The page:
One consistent theme in the program, as with most shows like this, was the ability of people, either individually or as a group, to step up and do things they may have never previously considered. These things may have been extremely unpleasant (the man who found himself almost spontaneously having to kill a German soldier by slitting his throat, and immediately afterward went to a ditch and threw up), or more positive (the reporter who first expressed doubts about the collective fortitude of Americans to handle the rigors of war, then admitted to being wrong), but the overall notion of successfully performing beyond expectations, especially one's own, is usually uplifting; indeed, it's the basis for heroism.

I still recall an example of this that I witnessed which, while not nearly in the same league as combat, is much more typical. I was the student manager for my high school's football team. During a game one of the linemen went down. Happily he just had the wind knocked out of him, but he had to come out. My school was small, but at the time we had the luxury of being able to rotate linemen, so we had a couple of experienced seniors available to fill in. As we were helping the player off the field, I asked the coach who he wanted as a replacement (and I mean The coach, as in the only one, and I was asking him about such things because we were the staff) and he said, "Have Todd get in there." I can't say definitely, but I'm sure my eyebrows went up; Todd was a sophomore who had never been in a game. I ran to the sideline and yelled for Todd, and saw for the first time a graphic demonstration of the phrase "eyes as big as saucers"; I thought he might need a bag in which to breathe. But he collected himself, filled in ably for a few plays, and then came back out when the other lineman had recovered.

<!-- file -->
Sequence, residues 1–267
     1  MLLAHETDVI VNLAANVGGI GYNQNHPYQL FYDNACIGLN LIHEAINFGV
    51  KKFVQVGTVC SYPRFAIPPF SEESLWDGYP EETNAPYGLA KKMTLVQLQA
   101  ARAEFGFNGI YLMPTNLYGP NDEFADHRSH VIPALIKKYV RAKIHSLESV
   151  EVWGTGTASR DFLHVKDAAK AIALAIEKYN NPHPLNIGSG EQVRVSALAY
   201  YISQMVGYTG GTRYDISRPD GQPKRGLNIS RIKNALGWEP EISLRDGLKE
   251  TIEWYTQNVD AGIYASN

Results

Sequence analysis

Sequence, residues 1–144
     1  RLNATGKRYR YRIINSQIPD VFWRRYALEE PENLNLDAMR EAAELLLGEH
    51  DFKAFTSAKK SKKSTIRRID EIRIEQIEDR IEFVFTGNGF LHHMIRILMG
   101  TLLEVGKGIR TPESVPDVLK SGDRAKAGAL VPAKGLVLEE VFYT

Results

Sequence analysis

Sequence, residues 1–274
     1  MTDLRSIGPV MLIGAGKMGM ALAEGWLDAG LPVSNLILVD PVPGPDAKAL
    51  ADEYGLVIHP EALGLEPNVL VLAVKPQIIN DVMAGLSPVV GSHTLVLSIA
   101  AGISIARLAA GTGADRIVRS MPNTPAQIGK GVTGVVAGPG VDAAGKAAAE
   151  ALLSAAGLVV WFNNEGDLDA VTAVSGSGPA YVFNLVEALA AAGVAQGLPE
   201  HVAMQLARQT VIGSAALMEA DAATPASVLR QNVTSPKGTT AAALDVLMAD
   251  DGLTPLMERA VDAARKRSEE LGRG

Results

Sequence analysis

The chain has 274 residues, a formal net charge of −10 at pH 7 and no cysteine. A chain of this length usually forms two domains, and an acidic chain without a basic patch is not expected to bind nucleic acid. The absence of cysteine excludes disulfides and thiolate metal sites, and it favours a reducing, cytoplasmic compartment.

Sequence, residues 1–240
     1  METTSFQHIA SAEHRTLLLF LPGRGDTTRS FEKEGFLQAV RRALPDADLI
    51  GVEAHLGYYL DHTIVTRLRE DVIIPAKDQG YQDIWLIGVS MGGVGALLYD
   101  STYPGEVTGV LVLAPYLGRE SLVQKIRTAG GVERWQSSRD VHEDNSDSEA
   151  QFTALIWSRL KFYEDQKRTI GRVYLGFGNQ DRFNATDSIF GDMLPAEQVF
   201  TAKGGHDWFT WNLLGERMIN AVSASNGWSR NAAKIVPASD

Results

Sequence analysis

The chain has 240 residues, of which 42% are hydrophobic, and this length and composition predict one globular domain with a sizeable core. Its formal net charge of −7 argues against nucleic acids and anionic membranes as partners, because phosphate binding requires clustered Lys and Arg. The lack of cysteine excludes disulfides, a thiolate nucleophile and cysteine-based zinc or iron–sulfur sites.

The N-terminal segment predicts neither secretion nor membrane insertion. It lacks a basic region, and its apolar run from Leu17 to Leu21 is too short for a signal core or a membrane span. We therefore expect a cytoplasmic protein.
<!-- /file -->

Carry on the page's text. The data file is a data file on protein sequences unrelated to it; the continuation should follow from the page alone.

I'd like to say that Todd went on to become a star football player, like the man in the recent movie The Blind Side, but it wouldn't be true. On the other hand, he didn't become Al Bundy either. He did eventually become a good high school football player, then - like most of the soldiers in that program did after the war - moved on with life. Todd's experience, however, is the kind most of us are much more likely to face; a sudden, singular, usually momentary development to which we have to react instantly, as opposed to the sweeping change of war. It's the kind of thing we all hope we're up to handling when it comes, as we all know it will. It's the Character Builder, and like many things, a few are good, but we'd prefer not to overindulge.

Monday, November 16, 2009

Waking Up